You can enjoy this airport amenity even if you’re not flying anywhere.
Like the rest of us, the community served by Dane County Regional Airport (MSN) in Madison, Wisconsin could use some distractions during the stress and strains surround the current health crisis.
So the airport decided to move up the planned opening date of a cool attraction it was planning to this week and welcome are residents to come by for the first “Flight of Lights” drive-through, social distancing-friendly light display.
The free attraction is open daily from 7:30 p.m. until 11:30 p.m. through May 10, 2020. And the featured lighted displays honor health care workers and first responders, Wisconsin sports, animals and nature and non-stop destinations served from MSN Airport.
There’s even a UFO thrown in as a bonus.
Here are some snaps from the drive-through, courtesy of the airport.
Live-streamed concerts, courtesy of San Antonio International Airport
Not many passengers are making their way to and through airports these days.
But that doesn’t mean airports aren’t engaging with their communities.
The San Antonio Airport System, which operates San Antonio International Airport (SAT) is offering the ambitious “SAT Live-Stream Concert Series” of live streaming musical performances by local artists.
The SAT Live Stream Concert Series features both well-known and new San Antonio artists and a wide variety of music styles including Texas Blues, Rock, Jazz, Country, Soul and Acoustic Pop.
The concerts are being streamed during both afternoon and evening spots to target all audiences.
“This is an opportunity to introduce some of the musicians to an entirely new audience. We already have 80 performances on the lineup and we anticipate adding even more,” said Matt Evans, Arts & Culture Manager.
“Flight of Lights” will feature six different light displays, including tributes to first responders; Wisconsin sports; animals and nature; tropical and nautical; and popular non-stop destinations from the airport.
The drive-through event is free and social-distancing approved for households to visit altogether, with a route right by the airport.
“Flight of Lights” starts Saturday evening April 18th and will run daily from 7:30 p.m. until 11:30 p.m. through May 10, 2020.
We’ll get photos as soon as they turn on the lights.
Dane County Regional Airport in Madison, Wisconsin doesn’t offer travelers free WiFi (yet), but it does have a shop selling cheese, chocolate and other products from Wisconsin and a popular branch of Usinger’s Wurst German Bar, serving beer and sausage specialties.
The airport also has an art court in the main lobby that is currently hosting an installation of wire jellyfish, sea anemones and coral reef sculptures that show off the knitting and crocheting handiwork of jewelry artist Arline Fisch.
“Looking for a sweet, soothing tale to waft you toward dreamland? Look somewhere else.”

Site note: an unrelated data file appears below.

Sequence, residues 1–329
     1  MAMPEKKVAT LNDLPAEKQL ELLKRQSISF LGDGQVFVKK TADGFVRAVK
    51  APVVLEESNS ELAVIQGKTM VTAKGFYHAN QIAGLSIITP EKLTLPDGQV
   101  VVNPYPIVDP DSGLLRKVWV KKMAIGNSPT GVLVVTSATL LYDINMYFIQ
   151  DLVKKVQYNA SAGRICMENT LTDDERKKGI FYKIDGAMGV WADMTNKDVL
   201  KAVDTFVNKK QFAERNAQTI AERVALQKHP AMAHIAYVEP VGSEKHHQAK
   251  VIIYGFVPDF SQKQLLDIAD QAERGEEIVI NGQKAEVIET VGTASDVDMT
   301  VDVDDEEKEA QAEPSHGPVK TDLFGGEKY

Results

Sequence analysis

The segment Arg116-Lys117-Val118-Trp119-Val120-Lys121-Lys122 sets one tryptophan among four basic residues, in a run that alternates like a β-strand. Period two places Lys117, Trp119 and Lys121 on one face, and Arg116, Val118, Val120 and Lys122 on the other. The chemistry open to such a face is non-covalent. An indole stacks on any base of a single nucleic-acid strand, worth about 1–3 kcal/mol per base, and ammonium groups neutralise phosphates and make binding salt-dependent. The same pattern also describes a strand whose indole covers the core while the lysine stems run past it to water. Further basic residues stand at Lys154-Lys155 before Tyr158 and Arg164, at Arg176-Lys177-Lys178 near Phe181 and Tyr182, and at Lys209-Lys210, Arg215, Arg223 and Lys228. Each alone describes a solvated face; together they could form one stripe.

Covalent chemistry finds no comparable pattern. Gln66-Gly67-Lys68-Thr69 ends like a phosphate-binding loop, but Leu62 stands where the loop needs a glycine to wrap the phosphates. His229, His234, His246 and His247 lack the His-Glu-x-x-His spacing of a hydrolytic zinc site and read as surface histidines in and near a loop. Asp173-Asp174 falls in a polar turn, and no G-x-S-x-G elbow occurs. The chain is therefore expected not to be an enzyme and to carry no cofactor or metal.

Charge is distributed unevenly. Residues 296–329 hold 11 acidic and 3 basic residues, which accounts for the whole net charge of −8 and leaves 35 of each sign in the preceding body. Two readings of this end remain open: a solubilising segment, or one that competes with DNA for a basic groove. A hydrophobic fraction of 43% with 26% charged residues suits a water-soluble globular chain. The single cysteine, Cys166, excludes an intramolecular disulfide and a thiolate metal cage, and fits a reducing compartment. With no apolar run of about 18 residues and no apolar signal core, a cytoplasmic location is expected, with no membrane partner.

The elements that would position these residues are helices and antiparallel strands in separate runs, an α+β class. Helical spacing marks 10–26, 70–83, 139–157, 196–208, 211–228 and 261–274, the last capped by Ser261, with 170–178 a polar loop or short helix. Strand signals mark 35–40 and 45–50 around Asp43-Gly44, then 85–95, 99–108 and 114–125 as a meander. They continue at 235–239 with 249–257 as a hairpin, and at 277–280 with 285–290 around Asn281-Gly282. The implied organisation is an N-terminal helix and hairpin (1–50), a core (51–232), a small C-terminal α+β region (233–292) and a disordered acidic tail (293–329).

That’s because the stories Jacob and Wilhelm Grimm collected in the early 1800’s don’t always have happy endings. There are witches. There are wolves. And there are creatures and plot turns kids (and some adults) shouldn’t read about before bedtime.
But if you’re wide awake and passing through the Dane County Regional Airport in Madison, Wisconsin, you’ll definitely want to spend time perusing the books, prints, engravings, and historical documents in the airport’s new exhibition: Once upon a time … – The Brothers Grimm – Life and Work, on view through June 25, 2010.
And when you’re in the terminal, don’t forget to look up: a full-size Corben Super Ace airplane – like the ones built in Madison in the 1930’s – is suspended from the ceiling. Volunteers from the Madison chapter of the Experimental Aircraft Association built this plane using original 1930s plans.
Starting this Friday, April 24th, the charming Dane County Regional Airport (MSN) in Madison, Wisconsin will begin hosting an exhibition about some tiny things, like this fruit fly embryo.
“Tiny: Art From Microscopes at UW-Madison” runs through Dec. 31, 2009 and features about 40 images of cells, molecules and nanoscale structures generated in the course of research by University of Wisconsin-Madison scientists over the last 10 years.
The magnified images include not only fruit-flies, but mice embryos, butterfly and plant cells, and corn kernels.
In the image of the fruit flyembryo above, gene products have been localised: the hairy protein in seven red stripes, the Kruppel domain in green and two giant domains in blue. (Image courtesy: Jim Langeland, Steve Paddock and Sean Carroll. University of Wisconsin-Madison, Howard Hughes Medical Institute, Department of Molecular Biology.)
If images of tiny things don’t grab you, check out the full-size Corben Super Ace plane suspended from the airport ceiling.
The Corben was a sport aircraft built in Madison in the 1930’s and this one was built by volunteers from the local chapter of the Experimental Aircraft Association using original 1930’s plans.